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  1. As a result, all women who are duchesses today have that title derived from their husband. Thus, a duchess wouldn’t have a wife - she would be married to a duke instead. If there was a woman who did have the title of duchess in her own right, then her wife wouldn’t receive any title.

  2. When a woman holds a title in her own right, she is said to be, for example, suo jure Countess of Mar. However, before the Peerage Act of 1963, husbands of peeresses acquired an important right from their wives' peerages: they executed any hereditary office which accompanied their wives' peerages.

  3. › wiki › Suo_jureSuo jure - Wikipedia

    In most nobility-related contexts, it means 'in her own right', since in those situations the phrase is normally used of women; in practice, especially in England, a man rarely derives any style or title from his wife (an example is Richard Neville, earl of Warwick from his wife's heritage) although this is seen in other countries ...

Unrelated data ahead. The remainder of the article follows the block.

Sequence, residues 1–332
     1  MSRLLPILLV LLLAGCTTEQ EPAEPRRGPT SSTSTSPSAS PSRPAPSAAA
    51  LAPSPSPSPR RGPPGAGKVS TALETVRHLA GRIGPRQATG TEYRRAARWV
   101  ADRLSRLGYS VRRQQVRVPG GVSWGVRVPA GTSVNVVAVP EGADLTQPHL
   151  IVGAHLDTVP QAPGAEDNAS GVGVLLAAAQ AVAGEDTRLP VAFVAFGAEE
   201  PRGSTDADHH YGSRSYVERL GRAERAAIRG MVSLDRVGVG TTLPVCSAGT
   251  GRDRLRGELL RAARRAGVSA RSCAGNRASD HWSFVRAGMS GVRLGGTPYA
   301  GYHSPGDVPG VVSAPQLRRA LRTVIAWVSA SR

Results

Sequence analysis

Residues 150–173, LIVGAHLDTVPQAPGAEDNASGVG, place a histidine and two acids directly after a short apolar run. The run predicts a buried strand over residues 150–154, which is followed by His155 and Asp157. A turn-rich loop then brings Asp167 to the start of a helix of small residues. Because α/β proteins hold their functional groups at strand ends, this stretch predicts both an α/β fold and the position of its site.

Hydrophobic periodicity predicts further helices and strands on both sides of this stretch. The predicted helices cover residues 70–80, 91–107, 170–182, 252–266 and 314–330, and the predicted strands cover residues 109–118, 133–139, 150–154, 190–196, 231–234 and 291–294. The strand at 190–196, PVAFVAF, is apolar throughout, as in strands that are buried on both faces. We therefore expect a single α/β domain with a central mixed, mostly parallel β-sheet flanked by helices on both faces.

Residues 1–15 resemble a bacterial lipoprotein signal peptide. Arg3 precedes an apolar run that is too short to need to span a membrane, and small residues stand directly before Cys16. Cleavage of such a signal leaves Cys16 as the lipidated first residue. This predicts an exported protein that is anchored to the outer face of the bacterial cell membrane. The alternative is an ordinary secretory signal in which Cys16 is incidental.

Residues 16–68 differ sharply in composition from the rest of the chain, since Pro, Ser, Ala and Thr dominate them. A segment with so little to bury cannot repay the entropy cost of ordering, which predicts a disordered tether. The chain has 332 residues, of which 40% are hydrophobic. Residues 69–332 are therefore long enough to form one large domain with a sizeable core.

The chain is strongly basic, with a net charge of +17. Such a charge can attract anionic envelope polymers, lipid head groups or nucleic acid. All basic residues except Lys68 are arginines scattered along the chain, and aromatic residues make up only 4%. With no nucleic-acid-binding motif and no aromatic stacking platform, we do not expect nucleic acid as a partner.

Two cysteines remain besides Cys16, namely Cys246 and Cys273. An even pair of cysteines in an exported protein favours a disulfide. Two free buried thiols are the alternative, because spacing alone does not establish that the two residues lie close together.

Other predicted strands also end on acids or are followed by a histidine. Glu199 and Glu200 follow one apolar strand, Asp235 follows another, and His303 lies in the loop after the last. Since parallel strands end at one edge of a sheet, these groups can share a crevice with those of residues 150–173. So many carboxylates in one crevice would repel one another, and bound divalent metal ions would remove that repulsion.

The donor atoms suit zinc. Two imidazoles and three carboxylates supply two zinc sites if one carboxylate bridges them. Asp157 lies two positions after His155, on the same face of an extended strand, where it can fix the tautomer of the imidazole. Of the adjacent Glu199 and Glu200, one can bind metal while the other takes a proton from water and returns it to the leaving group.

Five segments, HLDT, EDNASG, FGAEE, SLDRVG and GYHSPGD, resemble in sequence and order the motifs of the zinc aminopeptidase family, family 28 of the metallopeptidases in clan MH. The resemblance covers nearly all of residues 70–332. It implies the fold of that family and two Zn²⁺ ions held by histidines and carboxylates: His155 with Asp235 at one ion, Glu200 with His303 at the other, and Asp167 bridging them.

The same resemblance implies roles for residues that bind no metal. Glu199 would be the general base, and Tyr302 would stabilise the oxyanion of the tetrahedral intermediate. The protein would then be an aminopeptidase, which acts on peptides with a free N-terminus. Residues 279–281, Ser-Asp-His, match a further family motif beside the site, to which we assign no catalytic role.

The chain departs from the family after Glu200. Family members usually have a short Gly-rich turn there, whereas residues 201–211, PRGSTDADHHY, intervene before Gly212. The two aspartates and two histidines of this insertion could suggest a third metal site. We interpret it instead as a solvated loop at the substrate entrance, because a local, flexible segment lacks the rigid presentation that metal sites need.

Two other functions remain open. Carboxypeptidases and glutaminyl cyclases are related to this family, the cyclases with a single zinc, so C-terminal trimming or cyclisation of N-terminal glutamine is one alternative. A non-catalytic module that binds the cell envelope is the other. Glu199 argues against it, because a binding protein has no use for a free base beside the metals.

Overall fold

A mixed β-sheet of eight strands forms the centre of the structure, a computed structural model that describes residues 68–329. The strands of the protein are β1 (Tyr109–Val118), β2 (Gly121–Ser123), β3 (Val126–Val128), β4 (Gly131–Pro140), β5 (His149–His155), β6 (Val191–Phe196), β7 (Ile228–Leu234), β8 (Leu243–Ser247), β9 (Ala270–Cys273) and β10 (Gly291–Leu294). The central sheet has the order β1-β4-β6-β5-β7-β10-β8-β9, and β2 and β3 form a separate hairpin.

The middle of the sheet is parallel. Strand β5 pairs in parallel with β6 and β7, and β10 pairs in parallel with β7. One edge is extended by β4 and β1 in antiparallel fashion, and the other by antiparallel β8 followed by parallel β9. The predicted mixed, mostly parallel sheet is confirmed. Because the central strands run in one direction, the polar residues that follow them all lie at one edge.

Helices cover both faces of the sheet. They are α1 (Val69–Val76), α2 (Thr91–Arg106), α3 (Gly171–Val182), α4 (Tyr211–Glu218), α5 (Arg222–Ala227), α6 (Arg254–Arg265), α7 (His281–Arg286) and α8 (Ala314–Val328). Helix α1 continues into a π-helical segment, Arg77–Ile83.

4. “The wife of a duke is known as a duchess, which is also the title of a woman who holds a dukedom in her own right, referred to as a duchess suo jure; her husband, however, does not receive any title.” So he’d be Mr. (Name), unless he had a title of his own (if he did, he’d be called by that title.)

  5. I assume you are asking if a woman can be a Duchess “in her own right”, meaning the title belongs to HER and is not dependent upon her having married a man with a title. The answer is yes, for SOME titles in the UK. Most are passed male-to-male, but a handful can be inherited by a woman. But none seem to be dukedoms.